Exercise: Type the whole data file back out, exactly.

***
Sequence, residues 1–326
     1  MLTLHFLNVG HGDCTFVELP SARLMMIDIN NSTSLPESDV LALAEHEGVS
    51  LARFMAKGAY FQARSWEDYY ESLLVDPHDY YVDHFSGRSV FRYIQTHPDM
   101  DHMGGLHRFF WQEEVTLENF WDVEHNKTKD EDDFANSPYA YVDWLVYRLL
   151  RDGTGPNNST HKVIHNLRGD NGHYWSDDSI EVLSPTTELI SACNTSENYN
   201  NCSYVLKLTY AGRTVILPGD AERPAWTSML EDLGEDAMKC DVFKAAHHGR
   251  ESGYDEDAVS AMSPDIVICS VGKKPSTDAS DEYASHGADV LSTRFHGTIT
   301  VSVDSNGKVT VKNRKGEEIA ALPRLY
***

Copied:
Sequence, residues 1–326
     1  MLTLHFLNVG HGDCTFVELP SARLMMIDIN NSTSLPESDV LALAEHEGVS
    51  LARFMAKGAY FQARSWEDYY ESLLVDPHDY YVDHFSGRSV FRYIQTHPDM
   101  DHMGGLHRFF WQEEVTLENF WDVEHNKTKD EDDFANSPYA YVDWLVYRLL
   151  RDGTGPNNST HKVIHNLRGD NGHYWSDDSI EVLSPTTELI SACNTSENYN
   201  NCSYVLKLTY AGRTVILPGD AERPAWTSML EDLGEDAMKC DVFKAAHHGR
   251  ESGYDEDAVS AMSPDIVICS VGKKPSTDAS DEYASHGADV LSTRFHGTIT
   301  VSVDSNGKVT VKNRKGEEIA ALPRLY